The state of Arm CI for the CNCF

After running almost 400k build minutes for top-tier CNCF projects, we give an update on the sponsored Arm CI program.

It's now been 4 months since we kicked off the sponsored program with the Cloud Native Computing Foundation (CNCF) and Ampere to manage CI for the foundation's open source projects. But even before that, Calyptia, the maintainer of Fluent approached us to run Arm CI for the open source fluent repos, so we've been running CI for CNCF projects since June 2023.

Over that time, we've got to work directly with some really bright, friendly, and helpful maintainers, who wanted to have a safe, fast and secure way to create release artifacts, test PRs, and to run end to end tests. Their alternative until this point was either to go against GitHub's own advice, and to run an unsafe, self-hosted runner on an open source repo, or to use QEMU that in the case of Fluent meant their 5 minute build took over 6 hours before failing.

You can find out more about why we put this program together in the original announcement: Announcing managed Arm CI for CNCF projects

Measuring the impact

When we started out, Chris Aniszczyk, the CNCF's CTO wanted to create a small pilot to see if there'd be enough demand for our service. The CNCF partnered with Ampere to co-fund the program, Ampere sell a number of Arm based CPUs - which they brand as "Cloud Native" because they're so dense in cores and highly power efficient. Equinix Metal provide the credits and the hosting via the Cloud Native Credits program.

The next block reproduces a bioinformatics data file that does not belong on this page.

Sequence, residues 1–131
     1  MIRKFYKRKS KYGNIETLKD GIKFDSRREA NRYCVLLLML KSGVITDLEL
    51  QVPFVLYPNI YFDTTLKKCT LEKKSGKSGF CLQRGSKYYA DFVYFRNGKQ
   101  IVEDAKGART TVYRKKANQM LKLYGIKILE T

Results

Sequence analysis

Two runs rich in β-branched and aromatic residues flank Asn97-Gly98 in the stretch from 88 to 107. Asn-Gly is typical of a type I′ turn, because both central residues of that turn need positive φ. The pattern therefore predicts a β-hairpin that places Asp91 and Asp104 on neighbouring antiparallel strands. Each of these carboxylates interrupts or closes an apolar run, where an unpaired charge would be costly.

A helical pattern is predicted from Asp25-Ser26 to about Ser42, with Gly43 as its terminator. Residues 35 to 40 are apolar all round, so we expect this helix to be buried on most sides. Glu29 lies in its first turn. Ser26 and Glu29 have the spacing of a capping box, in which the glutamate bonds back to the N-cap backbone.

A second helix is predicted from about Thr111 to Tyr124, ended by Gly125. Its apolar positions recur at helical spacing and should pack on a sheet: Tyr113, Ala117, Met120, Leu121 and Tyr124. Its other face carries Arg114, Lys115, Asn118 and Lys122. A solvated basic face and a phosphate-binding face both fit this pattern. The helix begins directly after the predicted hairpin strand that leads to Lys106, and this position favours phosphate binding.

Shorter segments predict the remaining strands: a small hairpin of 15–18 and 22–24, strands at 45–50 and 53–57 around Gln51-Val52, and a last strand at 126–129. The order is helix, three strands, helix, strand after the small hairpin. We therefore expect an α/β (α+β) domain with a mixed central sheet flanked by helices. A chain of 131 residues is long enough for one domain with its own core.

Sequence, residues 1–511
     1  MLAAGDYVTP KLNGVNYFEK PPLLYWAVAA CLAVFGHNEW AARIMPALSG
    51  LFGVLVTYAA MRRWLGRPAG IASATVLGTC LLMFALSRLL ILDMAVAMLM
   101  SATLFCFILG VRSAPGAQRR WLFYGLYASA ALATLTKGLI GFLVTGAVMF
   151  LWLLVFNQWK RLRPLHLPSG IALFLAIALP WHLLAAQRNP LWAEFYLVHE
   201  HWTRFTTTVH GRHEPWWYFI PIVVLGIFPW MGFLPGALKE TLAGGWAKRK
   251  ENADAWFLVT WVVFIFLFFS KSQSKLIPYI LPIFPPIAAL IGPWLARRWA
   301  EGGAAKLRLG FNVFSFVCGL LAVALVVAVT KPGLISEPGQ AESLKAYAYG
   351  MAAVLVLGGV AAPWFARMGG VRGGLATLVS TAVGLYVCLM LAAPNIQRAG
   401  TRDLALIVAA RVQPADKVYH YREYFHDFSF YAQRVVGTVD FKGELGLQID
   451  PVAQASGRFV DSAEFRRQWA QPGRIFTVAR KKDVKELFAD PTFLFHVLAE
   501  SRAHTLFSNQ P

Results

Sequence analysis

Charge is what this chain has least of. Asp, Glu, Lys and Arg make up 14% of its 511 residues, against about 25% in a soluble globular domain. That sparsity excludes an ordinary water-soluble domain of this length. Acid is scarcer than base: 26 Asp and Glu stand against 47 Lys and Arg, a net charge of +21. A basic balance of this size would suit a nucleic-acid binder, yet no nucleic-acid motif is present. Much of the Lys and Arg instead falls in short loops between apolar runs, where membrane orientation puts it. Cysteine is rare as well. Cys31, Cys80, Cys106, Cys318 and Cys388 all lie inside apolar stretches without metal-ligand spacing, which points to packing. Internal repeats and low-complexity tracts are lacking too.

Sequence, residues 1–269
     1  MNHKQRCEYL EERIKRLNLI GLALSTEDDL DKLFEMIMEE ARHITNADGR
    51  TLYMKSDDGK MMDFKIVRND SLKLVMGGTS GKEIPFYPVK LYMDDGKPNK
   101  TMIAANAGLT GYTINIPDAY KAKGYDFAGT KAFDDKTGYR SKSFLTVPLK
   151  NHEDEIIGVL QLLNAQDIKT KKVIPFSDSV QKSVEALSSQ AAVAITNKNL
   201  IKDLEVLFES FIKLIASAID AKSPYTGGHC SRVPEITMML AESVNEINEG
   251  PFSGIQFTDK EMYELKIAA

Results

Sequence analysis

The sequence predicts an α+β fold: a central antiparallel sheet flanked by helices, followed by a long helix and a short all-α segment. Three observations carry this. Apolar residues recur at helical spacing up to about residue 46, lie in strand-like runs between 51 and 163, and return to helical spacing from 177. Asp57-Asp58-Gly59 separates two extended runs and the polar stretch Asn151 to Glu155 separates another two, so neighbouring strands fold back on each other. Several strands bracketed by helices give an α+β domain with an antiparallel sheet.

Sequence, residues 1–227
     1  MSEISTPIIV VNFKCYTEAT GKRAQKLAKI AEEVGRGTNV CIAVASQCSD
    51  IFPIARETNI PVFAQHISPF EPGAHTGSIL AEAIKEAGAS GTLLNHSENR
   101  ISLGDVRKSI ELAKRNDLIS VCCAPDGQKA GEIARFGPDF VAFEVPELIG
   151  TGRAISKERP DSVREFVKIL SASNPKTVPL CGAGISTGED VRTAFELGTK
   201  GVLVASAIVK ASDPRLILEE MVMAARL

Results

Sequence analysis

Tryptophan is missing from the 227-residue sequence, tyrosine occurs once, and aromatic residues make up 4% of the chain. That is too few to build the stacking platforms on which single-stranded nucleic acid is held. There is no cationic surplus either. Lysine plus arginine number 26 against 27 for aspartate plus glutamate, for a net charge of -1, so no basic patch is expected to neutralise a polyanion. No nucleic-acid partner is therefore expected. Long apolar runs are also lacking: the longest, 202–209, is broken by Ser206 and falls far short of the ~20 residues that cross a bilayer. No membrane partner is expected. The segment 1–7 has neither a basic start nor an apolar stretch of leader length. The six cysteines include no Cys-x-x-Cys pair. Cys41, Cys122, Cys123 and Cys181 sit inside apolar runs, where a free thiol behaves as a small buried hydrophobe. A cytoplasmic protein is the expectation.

In a few weeks, not only did we fill up all available slots, but we personally hand-held and onboarded each of the project maintainers one by one, over Zoom, via GitHub, and Slack.

Why would maintainers of top-tier projects need our help? Our team and community has extensive experience porting code to Arm, and building for multiple CPUs. We were able to advise on best practices for splitting up builds, how to right-size VMs, were there to turn on esoteric Kernel modules and configurations, and to generally give them a running start.

Today, our records show that the CNCF projects enrolled have run almost 400k minutes. That's almost the equivalent of a computer running tasks 24/7 for a total of 2 months solid, without a break.

Here's a list of the organisations we've onboarded so far, ordered by the total amount of build minutes. We added the date of their first actuated build to help add some context. As I mentioned in the introduction, fluent have been a paying customer since June 2023.

Rank Organisation Date of first actuated build
1 etcd-io (etcd, boltdb) 2023-10-24
2 fluent 2023-06-07
3 falcosecurity 2023-12-06
4 containerd 2023-12-02
5 cilium (tetragon, cilium, ebpf-go) 2023-10-31
6 cri-o 2023-11-27
7 open-telemetry 2024-02-14
8 opencontainers (runc) 2023-12-15
9 argoproj 2024-01-30

Ranked by build minutes consumed

Some organisations have been actuated on multiple projects like etcd-io, with boltdb adding to their minutes, and cilium where tetragon and ebpf-go are also now running Arm builds.

It's tempting to look at build minutes as the only metric, however, now that containerd, runc, cilium, etcd, and various other core projects are built by actuated, the security of the supply chain has become far more certain.